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Most of the photos on this site were extracted from reference images (high-resolution tiffs, 20 to 200 megabytes in size) from the Library of Congress research archive. (To query the database click here.) Many were digitized by LOC contractors using a Sinar studio back. They are adjusted by your webmaster for contrast and color in Photoshop before being downsized and turned into the jpegs you see here.

 
 
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VINTAGRAPH • WPA • WWII • NORTH TUSCANY COAST, 1948

Dr. M: 1924

Dr. M: 1924

October 28, 1924. Washington, D.C. "Dr. Hazel E. Munsell of Agriculture Dept." National Photo Company Collection glass negative. View full size.

 

Smiling eyes, though

There is something about the set of her eyes and mouth that makes me think that she could be a very jolly person. I can imagine that she has a big laugh. She may not have been particularly pleased to have to take time out her day to pose for the photographer, though.

Dr. Munsell

I don't think she looks ill-tempered at all. She has been posed -- who would keep such a perfect arrangement of glass bottles on the pull-out where they could be knocked over? -- and she is waiting for the photographer.

Lovely hands, too.

Taken, perhaps, to commemorate her Ph.D. in 1924? What an accomplishment for a woman in the '20s!

Glaring across the Generations

I think her granddaughter made the National Geographic a while back.

"I've Got Rhythm"

The metronome was commonly used for "sound therapy," to increase one's focus and attention span." It still has some proponents today; maybe its better than ADHD meds for some kids.

Maybe not so grim

What's that on her sleeve? A bit of decoration on an otherwise plain dress. She may be less Spartan than she seems. I think most people in these old pics looked grim because they had to hold so still.

Also, I think the metronome might be a handy way to time a chemical reaction without having to look away at a stop watch. Set it going at one beat per second, then add your ingredient and count the beats.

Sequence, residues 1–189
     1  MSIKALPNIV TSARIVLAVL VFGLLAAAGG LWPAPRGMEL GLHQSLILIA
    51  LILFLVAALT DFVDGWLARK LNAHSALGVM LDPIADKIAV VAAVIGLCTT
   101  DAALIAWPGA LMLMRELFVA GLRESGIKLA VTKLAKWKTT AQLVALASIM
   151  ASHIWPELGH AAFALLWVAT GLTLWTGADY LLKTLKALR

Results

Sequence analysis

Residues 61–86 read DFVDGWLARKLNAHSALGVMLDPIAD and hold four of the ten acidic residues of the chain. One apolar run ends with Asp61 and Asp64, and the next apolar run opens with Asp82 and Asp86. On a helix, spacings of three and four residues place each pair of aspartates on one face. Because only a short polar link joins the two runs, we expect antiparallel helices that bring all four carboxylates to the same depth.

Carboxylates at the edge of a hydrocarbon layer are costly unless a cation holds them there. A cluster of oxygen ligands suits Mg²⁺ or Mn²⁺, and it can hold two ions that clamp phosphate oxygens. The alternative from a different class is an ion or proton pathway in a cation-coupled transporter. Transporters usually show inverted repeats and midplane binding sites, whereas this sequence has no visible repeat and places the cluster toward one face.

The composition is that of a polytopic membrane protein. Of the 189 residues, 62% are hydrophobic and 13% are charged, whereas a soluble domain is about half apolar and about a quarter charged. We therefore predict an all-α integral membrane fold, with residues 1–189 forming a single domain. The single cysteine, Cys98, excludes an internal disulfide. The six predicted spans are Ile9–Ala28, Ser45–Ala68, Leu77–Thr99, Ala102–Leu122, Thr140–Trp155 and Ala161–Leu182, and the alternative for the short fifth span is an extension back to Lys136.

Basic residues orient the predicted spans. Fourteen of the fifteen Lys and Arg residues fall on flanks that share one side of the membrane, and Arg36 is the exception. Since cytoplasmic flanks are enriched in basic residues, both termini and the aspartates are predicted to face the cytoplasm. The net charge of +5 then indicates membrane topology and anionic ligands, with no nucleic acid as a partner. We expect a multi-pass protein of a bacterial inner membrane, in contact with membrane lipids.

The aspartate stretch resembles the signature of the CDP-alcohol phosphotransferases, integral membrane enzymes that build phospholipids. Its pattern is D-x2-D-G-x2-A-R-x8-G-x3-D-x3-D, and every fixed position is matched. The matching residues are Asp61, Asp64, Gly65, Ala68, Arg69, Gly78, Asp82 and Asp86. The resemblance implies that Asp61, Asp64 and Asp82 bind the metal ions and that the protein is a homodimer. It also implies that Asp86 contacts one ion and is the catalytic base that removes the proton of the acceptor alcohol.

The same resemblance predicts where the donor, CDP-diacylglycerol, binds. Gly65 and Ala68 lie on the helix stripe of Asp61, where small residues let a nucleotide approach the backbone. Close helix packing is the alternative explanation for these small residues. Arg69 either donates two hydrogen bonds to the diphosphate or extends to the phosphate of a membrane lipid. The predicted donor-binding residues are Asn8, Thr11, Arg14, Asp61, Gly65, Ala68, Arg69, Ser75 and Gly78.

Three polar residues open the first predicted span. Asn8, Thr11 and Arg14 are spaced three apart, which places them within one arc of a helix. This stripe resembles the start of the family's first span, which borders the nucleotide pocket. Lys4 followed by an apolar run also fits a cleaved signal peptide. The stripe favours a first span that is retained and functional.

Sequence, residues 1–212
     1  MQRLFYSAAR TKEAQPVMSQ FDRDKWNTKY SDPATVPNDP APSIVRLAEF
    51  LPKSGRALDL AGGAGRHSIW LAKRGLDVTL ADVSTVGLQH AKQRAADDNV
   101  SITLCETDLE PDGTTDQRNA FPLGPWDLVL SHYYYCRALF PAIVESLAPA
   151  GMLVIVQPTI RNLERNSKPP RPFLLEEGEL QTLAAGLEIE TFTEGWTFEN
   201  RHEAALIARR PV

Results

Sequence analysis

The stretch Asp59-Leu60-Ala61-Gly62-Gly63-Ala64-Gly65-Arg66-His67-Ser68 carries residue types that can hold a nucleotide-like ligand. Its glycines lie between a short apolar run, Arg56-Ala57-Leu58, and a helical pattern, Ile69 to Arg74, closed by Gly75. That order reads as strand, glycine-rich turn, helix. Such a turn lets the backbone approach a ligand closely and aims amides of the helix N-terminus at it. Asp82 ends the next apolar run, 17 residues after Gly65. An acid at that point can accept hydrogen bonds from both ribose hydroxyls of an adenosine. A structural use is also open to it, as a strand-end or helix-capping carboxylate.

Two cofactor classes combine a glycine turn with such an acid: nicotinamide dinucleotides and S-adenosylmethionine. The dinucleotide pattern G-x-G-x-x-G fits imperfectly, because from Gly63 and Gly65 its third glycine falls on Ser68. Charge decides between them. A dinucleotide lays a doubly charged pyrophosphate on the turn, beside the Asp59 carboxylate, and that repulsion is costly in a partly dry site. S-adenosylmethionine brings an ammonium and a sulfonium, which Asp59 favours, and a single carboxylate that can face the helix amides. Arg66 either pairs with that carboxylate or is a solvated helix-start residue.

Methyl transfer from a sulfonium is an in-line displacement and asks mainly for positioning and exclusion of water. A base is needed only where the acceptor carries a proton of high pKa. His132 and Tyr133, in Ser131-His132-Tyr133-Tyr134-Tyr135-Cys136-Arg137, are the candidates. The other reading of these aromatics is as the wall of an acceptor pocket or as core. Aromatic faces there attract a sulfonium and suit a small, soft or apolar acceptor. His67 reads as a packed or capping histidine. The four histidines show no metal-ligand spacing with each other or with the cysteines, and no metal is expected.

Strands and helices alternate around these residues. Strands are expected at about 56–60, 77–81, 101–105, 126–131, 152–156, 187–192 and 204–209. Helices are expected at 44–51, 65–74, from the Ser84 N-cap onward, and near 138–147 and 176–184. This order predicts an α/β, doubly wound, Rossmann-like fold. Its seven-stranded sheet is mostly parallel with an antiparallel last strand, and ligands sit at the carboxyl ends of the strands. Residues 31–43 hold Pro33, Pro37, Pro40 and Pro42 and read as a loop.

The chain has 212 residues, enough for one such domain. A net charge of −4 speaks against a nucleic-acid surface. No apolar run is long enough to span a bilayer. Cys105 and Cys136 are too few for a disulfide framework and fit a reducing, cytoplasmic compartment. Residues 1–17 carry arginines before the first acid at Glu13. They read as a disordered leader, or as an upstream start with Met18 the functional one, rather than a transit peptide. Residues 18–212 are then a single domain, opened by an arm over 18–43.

"Better take your vitamins!"

Dr. Munsell was one of the great proponents of healthy "dietetics" during the 1940s. She became famous for revising "Pattee's Dietetics," an important medical guide in 1947:

Having reached its twenty-third edition, Pattee's Dietetics has proved its usefulness. The entire book has been either revised or rewritten by Dr. Hazel E. Munsell and by authorities in nutrition, medicine and nursing. The text is well organized and is simply and concisely worded. Because of the experience and training of those who prepared it, it is authoritative. It can serve both as a textbook and as a work of reference and will continue to have wide appeal to all those who deal with the feeding of both well and sick persons regardless of whether they are professionally trained or not. The clearness of the text, which at the same time gives considerable detail, makes this possible. It discusses both the fundamentals of nutrition and its practical application.

One Hyphenated Word

There is one way to describe this woman ... ill-tempered.

Writing on Tablet

Is it possible to make out what she wrote in the full-resolution image?

["National Photo Co." - Dave]

33!

That is Hazel's age in this shot -- wow, she looks easily 10 or 15 years older. Here's a woman who a bit of makeup and a softer hairdo would have worked wonders for (not to be sexist, mind you -- I'm a gal myself!)

As Usual

I cannot read the good Doctor's handwriting.

As usual

Comments about her looks but no appreciation of how hard it was for women of her day to achieve status as a professional in a world where men were considered the "experts." Not only did she have to make it through university but to make it through the ranks of her profession.

If she looks "hard," it may be a byproduct of hard work and effort.

And, after reading her bio, I see that, like many women of her day, she had to take time off to take care of her aging father. Not many professional men had to do that.

Desk Set

You could almost call this by that title - a most interesting collection of items on that beautiful old desk!

When I was very young I loved all the cubbies and drawers in my dad's desk.

Let's Tock

I heard that Dr. Munsell was noted for keeping a steady pace at work. Why else the metronome?

Dr. Munsell & Mrs. Hyde

I hope she's not drinking anything out of that flask.

Kulpable

That's Miss Jane from the Beverly Hillbillies!

1891 - 1989

More about Hazel here.

The Position

I think my prostate just ran and hid.

A pair of piercing eyes

Not a woman to get on the wrong side of by the look of it.

I'd like to make a comment

But I'm scared of her!

 
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